My old friend Andrew Sherman wrote this terrific piece about how baby boomer business owners are not prepared in regards to what happens to their companies when they want to retire. This is a serious problem for a ton of small businesses — as well as their employees, vendors, etc. — which are going to be hit with a generational reality they hadn’t considered and thus have no succession plan.
So why are so many of these boomer small business owners in denial or simply refusing to engage in transition planning? For some the reasons may be financial in nature. They simply are unprepared for retirement and are fearful, many for good reason, that the sale of their company will not fetch enough proceeds to fund their retirement plans and needs. For others the answers may be more emotional than financial. They have some or all of the money they need to live comfortably in retirement but have no clue what they would do all day if their business were sold. Their sense of self-worth, ego and respect all are inextricably tied to the operation of the business.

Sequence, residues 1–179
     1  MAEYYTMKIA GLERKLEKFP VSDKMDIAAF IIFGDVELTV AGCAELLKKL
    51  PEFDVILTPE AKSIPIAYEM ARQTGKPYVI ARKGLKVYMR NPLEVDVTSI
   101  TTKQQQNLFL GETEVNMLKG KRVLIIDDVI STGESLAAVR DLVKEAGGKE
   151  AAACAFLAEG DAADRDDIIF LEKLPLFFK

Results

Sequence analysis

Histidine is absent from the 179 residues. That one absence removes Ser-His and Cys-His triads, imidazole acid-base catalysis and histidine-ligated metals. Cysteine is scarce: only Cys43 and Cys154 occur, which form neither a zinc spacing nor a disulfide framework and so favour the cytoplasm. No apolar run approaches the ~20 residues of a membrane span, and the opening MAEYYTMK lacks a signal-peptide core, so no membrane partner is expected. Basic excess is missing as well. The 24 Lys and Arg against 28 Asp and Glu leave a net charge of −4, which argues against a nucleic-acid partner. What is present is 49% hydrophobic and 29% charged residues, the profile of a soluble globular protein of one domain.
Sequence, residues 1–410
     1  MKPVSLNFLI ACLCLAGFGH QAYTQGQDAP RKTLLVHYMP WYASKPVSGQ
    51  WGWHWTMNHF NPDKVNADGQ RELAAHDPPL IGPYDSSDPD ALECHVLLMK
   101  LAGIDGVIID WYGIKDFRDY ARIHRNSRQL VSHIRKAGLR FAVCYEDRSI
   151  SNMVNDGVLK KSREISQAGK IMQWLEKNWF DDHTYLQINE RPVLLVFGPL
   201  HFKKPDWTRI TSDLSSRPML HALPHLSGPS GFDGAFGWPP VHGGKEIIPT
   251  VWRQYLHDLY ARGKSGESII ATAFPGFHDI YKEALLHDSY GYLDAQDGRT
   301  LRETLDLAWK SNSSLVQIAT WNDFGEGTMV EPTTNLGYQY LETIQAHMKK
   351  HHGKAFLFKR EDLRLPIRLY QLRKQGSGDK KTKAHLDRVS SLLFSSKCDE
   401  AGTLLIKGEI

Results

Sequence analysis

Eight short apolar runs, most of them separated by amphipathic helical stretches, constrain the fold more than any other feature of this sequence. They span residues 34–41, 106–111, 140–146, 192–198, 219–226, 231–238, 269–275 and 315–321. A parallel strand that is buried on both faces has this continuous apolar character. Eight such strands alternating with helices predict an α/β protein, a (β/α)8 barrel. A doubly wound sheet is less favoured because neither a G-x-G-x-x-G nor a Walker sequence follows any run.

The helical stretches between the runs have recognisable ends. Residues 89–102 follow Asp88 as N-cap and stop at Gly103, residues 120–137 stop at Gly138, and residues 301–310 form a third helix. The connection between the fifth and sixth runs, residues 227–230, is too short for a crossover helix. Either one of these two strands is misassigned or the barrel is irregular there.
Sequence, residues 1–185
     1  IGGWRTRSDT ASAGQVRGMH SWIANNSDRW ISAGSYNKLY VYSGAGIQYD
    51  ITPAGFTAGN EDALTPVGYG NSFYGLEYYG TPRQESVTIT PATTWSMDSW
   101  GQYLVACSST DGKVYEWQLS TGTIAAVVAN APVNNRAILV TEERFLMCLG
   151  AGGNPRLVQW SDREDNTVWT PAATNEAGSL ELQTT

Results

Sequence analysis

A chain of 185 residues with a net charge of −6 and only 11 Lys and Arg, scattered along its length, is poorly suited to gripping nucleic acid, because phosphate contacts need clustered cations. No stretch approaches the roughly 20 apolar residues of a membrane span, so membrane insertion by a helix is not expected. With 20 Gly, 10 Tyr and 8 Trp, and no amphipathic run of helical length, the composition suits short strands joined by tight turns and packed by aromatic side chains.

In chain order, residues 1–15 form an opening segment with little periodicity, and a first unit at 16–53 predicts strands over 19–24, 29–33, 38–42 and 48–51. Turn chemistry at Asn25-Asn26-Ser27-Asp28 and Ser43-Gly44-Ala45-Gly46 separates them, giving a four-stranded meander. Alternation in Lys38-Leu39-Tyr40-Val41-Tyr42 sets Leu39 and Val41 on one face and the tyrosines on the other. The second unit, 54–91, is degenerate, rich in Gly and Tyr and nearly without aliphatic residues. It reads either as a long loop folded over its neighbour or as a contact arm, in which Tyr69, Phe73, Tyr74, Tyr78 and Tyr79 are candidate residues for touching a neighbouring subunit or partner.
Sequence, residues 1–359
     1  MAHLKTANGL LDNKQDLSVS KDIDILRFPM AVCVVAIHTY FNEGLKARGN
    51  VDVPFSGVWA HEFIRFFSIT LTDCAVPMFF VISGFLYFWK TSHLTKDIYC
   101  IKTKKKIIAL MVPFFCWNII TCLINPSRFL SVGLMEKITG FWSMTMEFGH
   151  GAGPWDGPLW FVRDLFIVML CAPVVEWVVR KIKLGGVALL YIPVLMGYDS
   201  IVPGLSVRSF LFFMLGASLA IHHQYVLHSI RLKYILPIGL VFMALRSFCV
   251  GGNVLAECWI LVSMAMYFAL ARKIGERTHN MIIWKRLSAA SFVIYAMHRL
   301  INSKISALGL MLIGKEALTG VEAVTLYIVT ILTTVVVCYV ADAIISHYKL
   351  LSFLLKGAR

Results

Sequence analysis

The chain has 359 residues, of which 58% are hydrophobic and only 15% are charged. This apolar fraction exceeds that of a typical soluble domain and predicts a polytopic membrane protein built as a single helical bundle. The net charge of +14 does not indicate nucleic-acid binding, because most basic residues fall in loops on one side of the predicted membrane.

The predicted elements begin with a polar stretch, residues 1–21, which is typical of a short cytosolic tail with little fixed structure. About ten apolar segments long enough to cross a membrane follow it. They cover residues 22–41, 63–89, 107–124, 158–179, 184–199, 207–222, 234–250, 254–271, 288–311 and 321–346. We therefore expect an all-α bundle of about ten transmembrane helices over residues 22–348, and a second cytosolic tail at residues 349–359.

Imagine starting a business in 1975, building it and running it for 45 years and being everyone’s boss, matriarch, respected community leader, philanthropist, etc., and in 2020, you sell the business and now consider yourself a “nobody” and a “lazy sloth.” Yes, some dream of playing golf and enjoying early happy hours, but most simply have no idea what they would do all day and are in denial as to their vulnerability.
In the piece, Andrew — an expert on business and franchise law — offers some points that those boomer business owners should get to work on as soon as possible. Read the whole article here.